116. The Court considers that a second important feature of the instant case is the fact that the applicant has been in the Netherlands for more than sixteen years and that she has no criminal record. Although she failed to comply with the obligation to leave the Netherlands, her presence was nevertheless tolerated for a considerable period of time by the Netherlands authorities, while she repeatedly submitted residence requests and awaited the outcome of appeals. The tolerance of her presence for such a lengthy period of time, during which for a large part it was open to the authorities to remove her, in effect enabled the applicant to establish and develop strong family, social and cultural ties in the Netherlands. The applicant’s address, where she has been living for the last fifteen years, has always been known to the Netherlands authorities.
117. Thirdly, the Court accepts, given the common background of the applicant and her husband and the relatively young age of their children, that there would appear to be no insurmountable obstacles for them to settle in Suriname. However, it is likely that the applicant and her family would experience a degree of hardship if they were forced to do so. When assessing the compliance of State authorities with their obligations under Article 8, it is necessary to take due account of the situation of all members of the family, as this provision guarantees protection to the whole family.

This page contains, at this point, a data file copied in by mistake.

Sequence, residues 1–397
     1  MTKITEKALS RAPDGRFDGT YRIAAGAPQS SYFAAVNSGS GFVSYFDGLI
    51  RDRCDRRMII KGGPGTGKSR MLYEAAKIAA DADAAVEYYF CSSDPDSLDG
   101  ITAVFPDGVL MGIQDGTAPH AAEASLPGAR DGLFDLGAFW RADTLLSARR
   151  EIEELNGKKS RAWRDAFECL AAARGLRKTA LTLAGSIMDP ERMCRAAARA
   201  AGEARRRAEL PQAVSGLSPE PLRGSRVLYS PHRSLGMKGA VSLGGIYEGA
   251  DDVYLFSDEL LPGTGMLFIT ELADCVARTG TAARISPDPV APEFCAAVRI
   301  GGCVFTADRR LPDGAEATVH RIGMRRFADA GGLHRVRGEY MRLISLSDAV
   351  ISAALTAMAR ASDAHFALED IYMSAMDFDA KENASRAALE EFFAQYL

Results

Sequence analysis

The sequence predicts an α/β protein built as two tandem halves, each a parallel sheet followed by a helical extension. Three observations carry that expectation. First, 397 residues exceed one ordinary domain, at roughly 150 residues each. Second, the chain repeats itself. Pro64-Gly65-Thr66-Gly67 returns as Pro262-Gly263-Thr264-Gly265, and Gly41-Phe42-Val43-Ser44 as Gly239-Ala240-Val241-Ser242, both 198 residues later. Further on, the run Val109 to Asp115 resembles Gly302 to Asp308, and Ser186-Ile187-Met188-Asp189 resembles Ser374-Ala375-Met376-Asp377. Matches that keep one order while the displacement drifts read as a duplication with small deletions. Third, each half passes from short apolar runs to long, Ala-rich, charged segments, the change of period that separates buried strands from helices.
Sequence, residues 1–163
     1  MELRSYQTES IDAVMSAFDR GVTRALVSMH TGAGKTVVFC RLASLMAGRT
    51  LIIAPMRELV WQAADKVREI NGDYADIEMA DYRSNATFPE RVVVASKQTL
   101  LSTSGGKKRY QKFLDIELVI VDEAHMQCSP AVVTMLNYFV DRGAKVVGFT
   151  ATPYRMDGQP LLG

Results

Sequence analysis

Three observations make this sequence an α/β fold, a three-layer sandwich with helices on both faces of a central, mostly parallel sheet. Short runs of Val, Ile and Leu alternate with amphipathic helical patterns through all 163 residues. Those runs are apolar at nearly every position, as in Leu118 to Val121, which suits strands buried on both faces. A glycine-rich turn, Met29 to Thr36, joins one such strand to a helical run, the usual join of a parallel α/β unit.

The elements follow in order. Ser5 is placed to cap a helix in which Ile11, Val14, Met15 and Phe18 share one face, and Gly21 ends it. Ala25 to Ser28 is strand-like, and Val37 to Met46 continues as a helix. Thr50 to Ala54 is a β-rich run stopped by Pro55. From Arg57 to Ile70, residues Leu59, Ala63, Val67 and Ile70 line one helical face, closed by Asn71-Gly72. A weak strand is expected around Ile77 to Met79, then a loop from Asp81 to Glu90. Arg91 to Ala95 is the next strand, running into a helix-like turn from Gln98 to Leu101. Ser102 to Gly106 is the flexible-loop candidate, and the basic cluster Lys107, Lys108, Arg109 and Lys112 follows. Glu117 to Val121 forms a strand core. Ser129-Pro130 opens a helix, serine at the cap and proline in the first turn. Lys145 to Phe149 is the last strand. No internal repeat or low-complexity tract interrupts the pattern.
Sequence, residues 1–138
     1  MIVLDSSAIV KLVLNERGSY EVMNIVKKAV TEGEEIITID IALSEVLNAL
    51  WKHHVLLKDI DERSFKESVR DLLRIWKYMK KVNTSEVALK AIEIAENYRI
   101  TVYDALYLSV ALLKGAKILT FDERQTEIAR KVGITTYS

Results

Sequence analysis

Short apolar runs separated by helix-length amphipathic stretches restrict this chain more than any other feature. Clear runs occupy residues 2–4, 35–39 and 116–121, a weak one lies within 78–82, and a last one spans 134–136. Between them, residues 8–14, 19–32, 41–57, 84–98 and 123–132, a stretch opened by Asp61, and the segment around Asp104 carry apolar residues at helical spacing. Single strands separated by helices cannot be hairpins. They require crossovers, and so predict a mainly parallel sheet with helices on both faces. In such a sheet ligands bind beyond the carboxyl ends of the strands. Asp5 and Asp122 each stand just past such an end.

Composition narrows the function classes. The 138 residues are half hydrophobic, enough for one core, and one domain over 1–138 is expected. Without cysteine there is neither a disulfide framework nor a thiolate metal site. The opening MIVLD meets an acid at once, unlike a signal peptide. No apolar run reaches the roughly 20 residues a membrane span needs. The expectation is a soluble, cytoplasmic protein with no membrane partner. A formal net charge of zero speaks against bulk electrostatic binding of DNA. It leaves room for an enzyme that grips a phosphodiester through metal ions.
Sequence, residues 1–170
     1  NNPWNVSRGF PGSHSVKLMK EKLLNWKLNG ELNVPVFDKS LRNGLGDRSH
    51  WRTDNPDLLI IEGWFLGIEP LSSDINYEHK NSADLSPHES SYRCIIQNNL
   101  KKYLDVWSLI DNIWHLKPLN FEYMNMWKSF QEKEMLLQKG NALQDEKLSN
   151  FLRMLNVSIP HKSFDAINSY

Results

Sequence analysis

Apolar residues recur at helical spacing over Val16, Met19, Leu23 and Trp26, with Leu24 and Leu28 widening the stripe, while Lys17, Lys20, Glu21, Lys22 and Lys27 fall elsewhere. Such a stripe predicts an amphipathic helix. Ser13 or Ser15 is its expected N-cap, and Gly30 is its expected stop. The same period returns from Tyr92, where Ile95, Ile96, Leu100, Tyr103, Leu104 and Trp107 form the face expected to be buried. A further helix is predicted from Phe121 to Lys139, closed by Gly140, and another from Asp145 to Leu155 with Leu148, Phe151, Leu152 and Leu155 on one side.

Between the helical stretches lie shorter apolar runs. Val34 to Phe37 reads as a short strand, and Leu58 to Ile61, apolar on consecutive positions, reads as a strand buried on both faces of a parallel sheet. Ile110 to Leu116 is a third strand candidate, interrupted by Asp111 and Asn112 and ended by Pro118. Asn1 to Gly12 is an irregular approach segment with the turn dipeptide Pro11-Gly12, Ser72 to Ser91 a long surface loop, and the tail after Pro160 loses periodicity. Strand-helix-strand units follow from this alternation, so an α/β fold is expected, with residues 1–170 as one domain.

118. The Court fourthly considers that the impact of the Netherlands authorities’ decision on the applicant’s three children is another important feature of this case. The Court observes that the best interests of the applicant’s children must be taken into account in this balancing exercise (see above § 109). On this particular point, the Court reiterates that there is a broad consensus, including in international law, in support of the idea that in all decisions concerning children, their best interests are of paramount importance (see Neulinger and Shuruk v. Switzerland, cited above, § 135, and X v. Latvia, cited above, § 96). Whilst alone they cannot be decisive, such interests certainly must be afforded significant weight. For that purpose, in cases concerning family reunification, the Court pays particular attention to the circumstances of the minor children concerned, especially their age, their situation in the country or countries concerned and the extent to which they are dependent on their parents (see Tuquabo-Tekle and Others v. the Netherlands, cited above, § 44).
119. Noting that the applicant takes care of the children on a daily basis, it is obvious that their interests are best served by not disrupting their present circumstances by a forced relocation of their mother from the Netherlands to Suriname or by a rupturing of their relationship with her as a result of future separation. In this connection, the Court observes that the applicant’s husband provides for the family by working full-time in a job that includes shift work. He is, consequently, absent from the home on some evenings. The applicant – being the mother and homemaker – is the primary and constant carer of the children who are deeply rooted in the Netherlands of which country – like their father – they are nationals. The materials in the case file do not disclose a direct link between the applicant’s children and Suriname, a country where they have never been.